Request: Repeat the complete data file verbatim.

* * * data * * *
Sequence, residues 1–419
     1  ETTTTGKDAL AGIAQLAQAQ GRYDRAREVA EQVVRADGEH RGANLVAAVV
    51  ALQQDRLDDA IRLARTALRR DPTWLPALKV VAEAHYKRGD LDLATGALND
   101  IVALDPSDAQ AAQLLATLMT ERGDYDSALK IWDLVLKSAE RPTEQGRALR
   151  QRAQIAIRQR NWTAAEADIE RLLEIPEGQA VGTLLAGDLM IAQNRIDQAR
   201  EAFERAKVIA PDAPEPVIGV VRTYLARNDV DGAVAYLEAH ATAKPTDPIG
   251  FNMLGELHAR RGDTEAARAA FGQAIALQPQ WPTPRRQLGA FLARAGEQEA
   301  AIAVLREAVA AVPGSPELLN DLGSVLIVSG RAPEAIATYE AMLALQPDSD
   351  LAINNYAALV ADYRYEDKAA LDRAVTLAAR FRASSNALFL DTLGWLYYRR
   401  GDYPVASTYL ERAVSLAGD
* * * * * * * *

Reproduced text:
Sequence, residues 1–419
     1  ETTTTGKDAL AGIAQLAQAQ GRYDRAREVA EQVVRADGEH RGANLVAAVV
    51  ALQQDRLDDA IRLARTALRR DPTWLPALKV VAEAHYKRGD LDLATGALND
   101  IVALDPSDAQ AAQLLATLMT ERGDYDSALK IWDLVLKSAE RPTEQGRALR
   151  QRAQIAIRQR NWTAAEADIE RLLEIPEGQA VGTLLAGDLM IAQNRIDQAR
   201  EAFERAKVIA PDAPEPVIGV VRTYLARNDV DGAVAYLEAH ATAKPTDPIG
   251  FNMLGELHAR RGDTEAARAA FGQAIALQPQ WPTPRRQLGA FLARAGEQEA
   301  AIAVLREAVA AVPGSPELLN DLGSVLIVSG RAPEAIATYE AMLALQPDSD
   351  LAINNYAALV ADYRYEDKAA LDRAVTLAAR FRASSNALFL DTLGWLYYRR
   401  GDYPVASTYL ERAVSLAGD